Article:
The conventional and highly polarising campaign in Canada largely by-passed the problems associated with a shortage of private sector capital investment.

Canada’s pension funds at national and provincial levels have been a success story.

Having survived into a second term Justin Trudeau can look to support from BQ and NPD for such alternative investment agendas in a middle-sized social market economy with almost half the economic output of France or Britain.

The strains of delivering economic growth and employment show up in middle-sized economies like Canada and Australia in quarterly economic indicators during 2019 without a more diversified financial sector. Trading Economics offers the quarterly GDP percentages for 2019 in context:



From the minority government mix just delivered in Canada, there is a slight possibility that policy initiatives might address these investment shortfalls without drifting further towards the more corporatised society that would be welcomed by US Republicans south of the 49th parallel where tariffs of 25 per cent were imposed on Canadian steel exports to the US and 10 per cent on aluminium ingots by the Trump Administration in 2018 in protest against Canada’s more interventionist economic model.

Tough negotiations in defence of Canadian jobs of these tariff issues in heavy industrial areas of Southern Ontario minimised the appeal of Andrew Scheer’s appeals to blue-collar voters to vote against a continuation of the carbon tax.

Canada’s change agenda was saved on 21 October 2019 even at the expense of continued majority government.

Denis Bright (pictured) is a member of the Media, Entertainment and Arts Alliance (MEAA). Denis is committed to citizens’ journalism from a critical structuralist perspective. Comments from Insiders with a specialist knowledge of the topics covered are particularly welcome.


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Brand Trudeau Wins a Second Term

“Brand Trudeau is: ‘Welcome to the new politics, just like the old politics.’” (Shachi Kurl, Angus Reid Institute, The Guardian, Aug 22, 2019).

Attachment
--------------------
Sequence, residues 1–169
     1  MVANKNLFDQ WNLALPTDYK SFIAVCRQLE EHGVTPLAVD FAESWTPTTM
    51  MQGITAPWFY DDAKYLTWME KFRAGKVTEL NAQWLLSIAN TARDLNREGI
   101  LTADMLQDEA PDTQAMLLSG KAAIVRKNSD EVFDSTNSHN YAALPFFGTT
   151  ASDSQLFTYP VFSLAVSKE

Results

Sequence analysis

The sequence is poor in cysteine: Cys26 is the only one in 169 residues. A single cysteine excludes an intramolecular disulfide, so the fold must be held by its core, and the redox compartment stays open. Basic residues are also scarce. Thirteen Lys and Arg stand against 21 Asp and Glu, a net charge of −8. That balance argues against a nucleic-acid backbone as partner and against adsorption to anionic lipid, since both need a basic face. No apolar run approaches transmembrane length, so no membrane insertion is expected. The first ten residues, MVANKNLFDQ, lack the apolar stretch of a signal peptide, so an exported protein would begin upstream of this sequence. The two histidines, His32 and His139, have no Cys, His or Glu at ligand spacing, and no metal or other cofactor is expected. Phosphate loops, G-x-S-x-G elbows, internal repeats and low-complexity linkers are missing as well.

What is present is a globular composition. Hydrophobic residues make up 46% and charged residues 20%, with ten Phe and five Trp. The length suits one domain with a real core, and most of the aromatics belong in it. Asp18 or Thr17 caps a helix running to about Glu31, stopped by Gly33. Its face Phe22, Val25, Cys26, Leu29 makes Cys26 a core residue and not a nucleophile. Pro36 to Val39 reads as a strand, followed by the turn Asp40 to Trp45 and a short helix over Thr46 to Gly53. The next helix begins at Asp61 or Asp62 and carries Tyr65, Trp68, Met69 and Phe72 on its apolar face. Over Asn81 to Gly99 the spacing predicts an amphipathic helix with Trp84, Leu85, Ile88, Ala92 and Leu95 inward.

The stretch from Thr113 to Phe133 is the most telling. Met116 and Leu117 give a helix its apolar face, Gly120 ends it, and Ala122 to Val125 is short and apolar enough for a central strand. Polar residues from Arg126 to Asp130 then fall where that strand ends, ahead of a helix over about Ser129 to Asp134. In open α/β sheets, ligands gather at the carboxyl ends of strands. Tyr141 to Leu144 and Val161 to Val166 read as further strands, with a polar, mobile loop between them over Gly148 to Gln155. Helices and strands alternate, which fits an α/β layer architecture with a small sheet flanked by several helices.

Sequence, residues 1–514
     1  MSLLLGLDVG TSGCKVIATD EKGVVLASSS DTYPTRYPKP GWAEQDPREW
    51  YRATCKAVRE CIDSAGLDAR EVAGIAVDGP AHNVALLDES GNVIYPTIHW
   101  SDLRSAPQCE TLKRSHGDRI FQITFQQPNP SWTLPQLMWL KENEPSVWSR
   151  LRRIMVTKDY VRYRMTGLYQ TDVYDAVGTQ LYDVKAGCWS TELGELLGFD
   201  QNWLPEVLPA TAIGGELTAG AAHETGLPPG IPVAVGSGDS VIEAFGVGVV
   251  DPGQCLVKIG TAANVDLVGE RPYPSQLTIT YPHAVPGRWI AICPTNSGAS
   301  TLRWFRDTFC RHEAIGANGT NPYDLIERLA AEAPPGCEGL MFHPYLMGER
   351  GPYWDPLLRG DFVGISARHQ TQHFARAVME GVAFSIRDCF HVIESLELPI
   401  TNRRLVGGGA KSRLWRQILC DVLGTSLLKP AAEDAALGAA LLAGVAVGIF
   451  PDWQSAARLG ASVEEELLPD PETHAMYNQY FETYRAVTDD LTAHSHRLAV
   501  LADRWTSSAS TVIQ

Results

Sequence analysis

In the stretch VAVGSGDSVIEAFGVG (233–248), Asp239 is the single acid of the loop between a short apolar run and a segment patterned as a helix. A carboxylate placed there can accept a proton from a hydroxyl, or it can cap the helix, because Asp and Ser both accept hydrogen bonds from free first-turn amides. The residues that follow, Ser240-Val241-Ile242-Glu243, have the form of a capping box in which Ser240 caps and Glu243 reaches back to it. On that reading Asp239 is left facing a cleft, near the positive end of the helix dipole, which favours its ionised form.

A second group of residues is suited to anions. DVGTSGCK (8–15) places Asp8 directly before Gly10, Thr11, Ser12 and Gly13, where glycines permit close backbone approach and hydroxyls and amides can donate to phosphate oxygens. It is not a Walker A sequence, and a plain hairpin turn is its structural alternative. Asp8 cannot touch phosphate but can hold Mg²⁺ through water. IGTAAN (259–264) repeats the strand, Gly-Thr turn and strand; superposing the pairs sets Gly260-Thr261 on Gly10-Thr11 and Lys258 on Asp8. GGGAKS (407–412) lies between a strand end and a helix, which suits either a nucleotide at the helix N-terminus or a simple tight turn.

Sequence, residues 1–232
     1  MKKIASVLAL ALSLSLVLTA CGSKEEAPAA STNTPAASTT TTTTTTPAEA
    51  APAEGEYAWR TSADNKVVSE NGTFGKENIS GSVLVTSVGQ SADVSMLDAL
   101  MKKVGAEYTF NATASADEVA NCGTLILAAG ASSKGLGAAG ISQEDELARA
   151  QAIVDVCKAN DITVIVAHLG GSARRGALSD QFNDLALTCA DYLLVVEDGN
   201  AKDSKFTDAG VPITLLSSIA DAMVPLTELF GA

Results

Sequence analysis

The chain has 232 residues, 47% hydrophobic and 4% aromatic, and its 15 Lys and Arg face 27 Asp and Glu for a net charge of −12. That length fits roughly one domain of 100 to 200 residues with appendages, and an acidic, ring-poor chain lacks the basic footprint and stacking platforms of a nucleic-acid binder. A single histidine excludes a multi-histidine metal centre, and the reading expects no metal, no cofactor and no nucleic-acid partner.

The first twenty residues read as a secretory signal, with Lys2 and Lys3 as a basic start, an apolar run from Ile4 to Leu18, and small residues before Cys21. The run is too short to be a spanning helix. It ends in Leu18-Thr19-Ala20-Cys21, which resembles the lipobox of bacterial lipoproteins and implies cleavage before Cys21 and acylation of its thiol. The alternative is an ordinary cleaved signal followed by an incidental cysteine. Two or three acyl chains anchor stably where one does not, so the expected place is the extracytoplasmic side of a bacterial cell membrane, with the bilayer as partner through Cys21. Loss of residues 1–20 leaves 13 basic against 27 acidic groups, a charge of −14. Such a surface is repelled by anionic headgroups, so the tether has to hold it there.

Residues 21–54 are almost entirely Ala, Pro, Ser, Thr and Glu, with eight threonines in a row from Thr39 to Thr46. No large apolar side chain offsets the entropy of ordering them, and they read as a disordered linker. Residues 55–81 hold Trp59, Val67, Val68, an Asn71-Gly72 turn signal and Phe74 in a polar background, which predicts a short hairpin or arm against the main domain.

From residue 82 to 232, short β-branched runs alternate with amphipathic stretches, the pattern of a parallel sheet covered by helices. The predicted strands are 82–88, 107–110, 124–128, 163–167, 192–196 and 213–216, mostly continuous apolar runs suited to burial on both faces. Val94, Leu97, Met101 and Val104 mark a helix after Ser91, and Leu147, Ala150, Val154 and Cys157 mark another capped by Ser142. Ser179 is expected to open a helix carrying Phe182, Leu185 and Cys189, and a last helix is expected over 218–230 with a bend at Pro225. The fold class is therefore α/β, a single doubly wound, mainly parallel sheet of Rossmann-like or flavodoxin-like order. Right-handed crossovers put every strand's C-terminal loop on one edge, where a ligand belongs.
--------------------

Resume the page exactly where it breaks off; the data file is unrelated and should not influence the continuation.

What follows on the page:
Few politicians come across more as products of hashtag committee management than Justin Trudeau. His image has been doctored, massaged and spruced, and even then, the Instagram-Twitter committee did not quite see those corrupt influences that are bound to tarnish someone who believes in endless, indestructible parliamentary majorities. The image can do much, but not that much.

After being elected in October, 2015, Trudeaumania became something of a syndrome, helped along by a persistent dedication to being in the permanent social media cycle. The photo-op became a staple, as is a certain shallowness that lends itself to it. In picking Canada’s first gender-balanced federal cabinet, he was mindful of the optical moment. Change was coming, and his revolution would be tweeted.

In a fast spinning, whirling age of disseminated images, lacking substance helps and acts as a powerful propulsion. The Internet, observed Eric Andrew-Gee in 2016, “has given still photos a pride of place in our media culture that they haven’t enjoyed since the rise of television. Mr Trudeau has used that power, and that technology, to the hilt. He is the first prime minister of the Instagram age.”

In July 2016, it was noted that Trudeau “has had about one official photo-op for every weekday he has been in the business of governing.” Marie-Danielle Smith of the National Post considered him “the most visible Canadian leader since his father, Pierre” having “participated in at least 168 public events since swearing in his cabinet last November.”